After being called out for her anti-transgender views in the past, designer Maria B has decided the internet needs a second round of her ill-informed opinions and has shared with the public a video of her and her sisters talking about the Transgender Persons (Protection of Rights) Act, 2018.
Last month, she clashed horns with transgender rights activist Dr Mehrub Moiz Awan after the academic was excluded from a TEDxISL (International School Lahore) panel in a move she decried as transphobia. The designer lauded ISL’s decision to remove Awan from the panel and had some very strange justifications, including but not limited to being a concerned parent. A month later, the designer is back to give even more unasked for opinions on the Transgender Act and the ‘effect’ it has on families in Pakistan.
On Saturday, the designer, whose full name is Maria Butt, shared a video of herself and her sisters Najia and Aafia talking about the law, saying it’s a “hot topic” that they want to discuss considering that it will “affect their children”. “The first thing that one needs to do is to identify what transgender means. Who is the most famous transgender in the world? Everyone knows about Kim Kardashian and her father. He was her father first and then her mother. His name is Caitlyn Jenner,” Butt said, misgendering Jenner who goes by the pronouns she/her and misidentifying her as the ‘most famous transgender’ person in the world.
She then questioned if the act approved by lawmakers in Pakistan is for people like Jenner. “No absolutely not, this act was made for the khwaja sira community. They are intersex people and there’s a massive difference between them and transgenders. On the act that represents the marginalised community, after 70 years when we’re doing something for them, and transgenders have usurped their rights,” she said.
Before we get into what can be described as Maria B’s audition reel to be a TV show host, we’ll put forward some facts:
- the law was enacted by parliament in 2018 to provide legal recognition to transgender persons, enshrining their rights to education, basic health facilities, the right to affirm their transgender identity on ID cards and passports, as well as the right to vote in and contest elections.
- the opinion of the chairman of the Council for Islamic Ideology had been sought with regard to the Transgender Rights Act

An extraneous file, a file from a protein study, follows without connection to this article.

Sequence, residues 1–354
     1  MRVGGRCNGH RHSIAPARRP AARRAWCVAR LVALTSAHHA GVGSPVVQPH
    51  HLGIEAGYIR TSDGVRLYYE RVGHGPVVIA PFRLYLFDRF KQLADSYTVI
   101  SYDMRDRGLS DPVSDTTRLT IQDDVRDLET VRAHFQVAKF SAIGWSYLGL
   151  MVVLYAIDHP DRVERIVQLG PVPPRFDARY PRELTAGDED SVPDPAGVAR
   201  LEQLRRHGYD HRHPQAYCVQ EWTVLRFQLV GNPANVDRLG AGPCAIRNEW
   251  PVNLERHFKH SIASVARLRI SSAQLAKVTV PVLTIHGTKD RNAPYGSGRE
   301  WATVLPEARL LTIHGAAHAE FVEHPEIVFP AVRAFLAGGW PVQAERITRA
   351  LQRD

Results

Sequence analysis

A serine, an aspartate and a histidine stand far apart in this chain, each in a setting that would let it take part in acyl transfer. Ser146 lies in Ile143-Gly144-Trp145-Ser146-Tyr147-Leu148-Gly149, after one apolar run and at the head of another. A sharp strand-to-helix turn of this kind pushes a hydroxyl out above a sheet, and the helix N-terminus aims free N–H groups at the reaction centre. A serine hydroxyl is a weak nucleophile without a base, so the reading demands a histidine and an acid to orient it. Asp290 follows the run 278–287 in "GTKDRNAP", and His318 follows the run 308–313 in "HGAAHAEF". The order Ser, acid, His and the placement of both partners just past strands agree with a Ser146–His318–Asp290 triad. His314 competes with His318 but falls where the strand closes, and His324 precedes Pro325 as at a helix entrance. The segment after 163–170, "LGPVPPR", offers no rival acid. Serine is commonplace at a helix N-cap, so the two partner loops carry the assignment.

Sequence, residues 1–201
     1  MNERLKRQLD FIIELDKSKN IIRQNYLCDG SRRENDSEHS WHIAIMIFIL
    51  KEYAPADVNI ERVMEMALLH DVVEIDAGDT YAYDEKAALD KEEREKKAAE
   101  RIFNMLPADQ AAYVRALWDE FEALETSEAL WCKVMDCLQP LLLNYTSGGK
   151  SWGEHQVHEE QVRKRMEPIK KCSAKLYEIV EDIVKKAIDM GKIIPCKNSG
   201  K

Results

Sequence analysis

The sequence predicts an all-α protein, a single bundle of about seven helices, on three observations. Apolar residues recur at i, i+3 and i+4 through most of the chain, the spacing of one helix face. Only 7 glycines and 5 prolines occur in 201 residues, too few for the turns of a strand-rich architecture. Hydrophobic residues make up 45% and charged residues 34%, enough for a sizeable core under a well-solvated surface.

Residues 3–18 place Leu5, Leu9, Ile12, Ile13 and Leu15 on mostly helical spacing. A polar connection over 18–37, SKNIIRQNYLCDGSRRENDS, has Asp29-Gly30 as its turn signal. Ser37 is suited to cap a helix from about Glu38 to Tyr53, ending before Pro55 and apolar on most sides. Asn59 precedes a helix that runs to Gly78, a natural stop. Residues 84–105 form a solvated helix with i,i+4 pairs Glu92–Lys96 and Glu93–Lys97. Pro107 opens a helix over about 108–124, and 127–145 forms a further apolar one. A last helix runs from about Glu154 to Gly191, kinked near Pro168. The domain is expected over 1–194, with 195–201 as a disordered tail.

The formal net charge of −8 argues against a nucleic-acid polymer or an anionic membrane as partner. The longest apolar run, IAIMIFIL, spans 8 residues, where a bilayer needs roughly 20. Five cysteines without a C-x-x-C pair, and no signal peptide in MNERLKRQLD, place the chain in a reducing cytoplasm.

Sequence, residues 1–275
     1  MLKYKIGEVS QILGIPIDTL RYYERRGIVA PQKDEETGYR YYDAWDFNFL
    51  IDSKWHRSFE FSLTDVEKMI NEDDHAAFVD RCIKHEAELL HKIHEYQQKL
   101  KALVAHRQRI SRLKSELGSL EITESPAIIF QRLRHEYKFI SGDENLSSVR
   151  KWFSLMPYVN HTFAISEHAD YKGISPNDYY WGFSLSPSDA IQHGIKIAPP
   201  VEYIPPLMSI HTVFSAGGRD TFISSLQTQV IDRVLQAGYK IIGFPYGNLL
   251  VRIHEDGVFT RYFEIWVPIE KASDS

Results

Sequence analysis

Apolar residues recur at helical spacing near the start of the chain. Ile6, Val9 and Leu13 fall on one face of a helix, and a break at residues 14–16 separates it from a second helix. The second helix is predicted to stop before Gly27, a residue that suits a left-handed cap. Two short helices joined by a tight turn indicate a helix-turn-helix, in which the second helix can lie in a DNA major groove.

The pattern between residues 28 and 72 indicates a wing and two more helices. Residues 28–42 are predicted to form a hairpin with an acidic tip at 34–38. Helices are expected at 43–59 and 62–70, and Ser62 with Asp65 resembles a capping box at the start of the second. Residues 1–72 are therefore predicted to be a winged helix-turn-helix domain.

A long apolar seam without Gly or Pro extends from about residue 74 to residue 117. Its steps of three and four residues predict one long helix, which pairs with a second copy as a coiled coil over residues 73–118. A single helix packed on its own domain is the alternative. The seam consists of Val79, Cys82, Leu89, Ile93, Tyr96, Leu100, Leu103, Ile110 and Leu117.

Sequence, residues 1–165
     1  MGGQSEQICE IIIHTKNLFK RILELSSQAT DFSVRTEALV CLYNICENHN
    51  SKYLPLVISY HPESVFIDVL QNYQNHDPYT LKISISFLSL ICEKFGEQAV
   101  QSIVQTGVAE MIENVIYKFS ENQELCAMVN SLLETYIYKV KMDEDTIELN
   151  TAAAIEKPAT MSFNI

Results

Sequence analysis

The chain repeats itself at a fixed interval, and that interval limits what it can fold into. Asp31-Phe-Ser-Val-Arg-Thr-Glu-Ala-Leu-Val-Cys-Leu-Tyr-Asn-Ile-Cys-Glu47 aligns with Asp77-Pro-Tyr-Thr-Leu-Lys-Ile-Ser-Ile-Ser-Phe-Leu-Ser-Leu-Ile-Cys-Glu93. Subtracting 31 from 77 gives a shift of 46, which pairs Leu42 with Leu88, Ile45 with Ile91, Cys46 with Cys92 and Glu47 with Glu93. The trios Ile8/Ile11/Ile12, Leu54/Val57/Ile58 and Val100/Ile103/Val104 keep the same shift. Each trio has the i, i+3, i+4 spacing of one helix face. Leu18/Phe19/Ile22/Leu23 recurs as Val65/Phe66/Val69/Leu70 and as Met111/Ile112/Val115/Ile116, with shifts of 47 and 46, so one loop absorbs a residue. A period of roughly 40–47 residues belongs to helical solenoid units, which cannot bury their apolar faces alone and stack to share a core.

- the matter remains under discussion in parliament while the outcome of two petitions filed in the Federal Shariat Court (FSC) is awaited
Given the sensitivity and technical nature of this topic — medically, religiously, legally and socially — we’re not going to get into the actual law itself. What we’re going to be talking about is Maria B and her propensity to put herself forward as the unasked for champion of the khwaja sira community. This debate is being had in the parliament, by members of the transgender community and, soon, in the FSC. It does not need to be had by Maria B, a woman who has 369,000 followers on Instagram but no expertise in this matter.
Maria B and her sisters are not members of the khwaja sira community, so their ‘need’ to speak about for a segment that is already struggling to be heard is deeply problematic. Is it perhaps then a saviour complex which has them speaking about a community they are not part of or is it that seeing other people get basic liberties is offensive to them in some way?
That is not to say that you don’t have a right to talk about an issue in society — everyone does. You can absolutely speak up about those who have been marginalised, but don’t speak for them. You should not be jumping into a conversation that requires that community’s input and that of experts.
In a society where there is a lack of understanding and empathy for this community, don’t give your two cents on how a person can prove they are a ‘real’ transgender or khwaja sira. Talking so frivolously is equivalent to propagating hate. Let people far more learned than you talk about this so that they can actually “educate” people.
One of Maria’s sisters argued vehemently for DNA and blood tests to ‘prove’ if someone was khwaja sira, transgender or cisgender. The other argued about the merits of the law when it has no “verses from the Quran and Hadith” in it. This shows ignorance about how laws to be; there are systems in place to ensure that if and when religious guidance is required, input from learned religious bodies is sought and incorporated — as is being done right now.
When it comes to religion, we’ll leave it to Islamic scholars with expertise in Islamic jurisprudence to have this discussion. Three women without expertise in this matter (unless we’re missing their credentials on this topic) and with access to a camera and social media users cannot authoritatively weigh in on whether this law goes against ‘Islamic values’ and again, cannot speak for a community that continues to fight for its rights and faces violence while doing so.
As a Dawn editorial noted: “Members of the transgender community in the country are often at the receiving end of both their families’ and society’s censure and derision. Most are rejected and disowned by their families, while for its part, society sees them as lesser humans.”
Remember this before you weigh in on a topic this critical — this community is made fun of and ridiculed already; your flippant views and facial expressions only add to this ostracising behaviour.